Distribution of land and wealth. At the point when everyone can own replicating assemblers we will have a situation where a few individuals own large amounts of land (read "land" as "suddenly useful raw material for making lots of useful things") and lots of people owning some or none. Will this mean that wealth is radically redistributed the instant that cheap replicating assemblers become available to convert the previously low-value dirt into high-value product? Or will replicating assemblers command such a high price that only wealthy land-owners can afford them?
The incentives to develop assembler-based systems for defense purposes will be enormous, so we can expect a substantial initiative. There are a variety of foreign policy and strategic issues here which fall beyond the scope of this paperhopefully the initiative will be directed towards more stable options like an active shield, than toward offensive weapons. One area which is relevant to the subject of this paper is the safety of classified research. Unfortunately, the number of options available to insure that classified research is conducted safely seems limited. Two options are as follows:
- The government initiative can generate its own set of safety standards and practices, and enforce them internally. If the government initiative is created by a law, the legislative provisions could explicitly state procedures for generating and enforcing safety standards, although the prospects for enforcing the law would be lower without direct public scrutiny. Congressional oversight may help.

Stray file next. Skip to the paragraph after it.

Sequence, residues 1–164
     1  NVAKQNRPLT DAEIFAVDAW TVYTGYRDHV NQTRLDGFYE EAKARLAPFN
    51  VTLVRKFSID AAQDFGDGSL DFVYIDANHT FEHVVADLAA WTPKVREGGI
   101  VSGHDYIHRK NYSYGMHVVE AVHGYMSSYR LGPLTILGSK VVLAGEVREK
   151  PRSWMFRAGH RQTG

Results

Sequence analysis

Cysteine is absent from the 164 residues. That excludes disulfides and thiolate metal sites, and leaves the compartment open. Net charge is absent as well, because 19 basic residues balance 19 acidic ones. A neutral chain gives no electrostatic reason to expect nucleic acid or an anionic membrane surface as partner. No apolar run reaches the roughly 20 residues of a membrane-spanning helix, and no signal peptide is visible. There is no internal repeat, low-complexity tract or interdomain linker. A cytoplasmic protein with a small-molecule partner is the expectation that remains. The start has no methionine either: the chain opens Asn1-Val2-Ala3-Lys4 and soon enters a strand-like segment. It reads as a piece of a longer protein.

- A regulatory agency or commission, separate from the defense initiative, could oversee the development of internal standards (making them consistent with any relevant unclassified standards), and monitor the initiative for compliance with those standards. The amount of due process possible in this type of situation is necessarily limited, since relatively few numbers of people would have access to all of the information needed for critical debate. It may, however, be possible to select a set of people with a diversity of viewpoints (via normal due process channels) and give them the necessary security clearances for the task.
Although option (b) represents unprecedented scrutiny of defense activities, careful selection of those who would have access to classified information would help insure its secrecy. The knowledge that the safety of classified research is being independently monitored will help assuage public fears, even though they cannot gain access to the classified information. The motivation for a separate agency to oversee safety compliance stems from the federal government's historic failures in self-regulation: e.g., in nuclear power plants  and the Department of Defense's Biological Defense Research Program .
Nanotechnology policy is an important area for research. We should aim to have most of the regulatory framework laid out within the next ten years, before assemblers with general capabilities to manipulate matter are developed.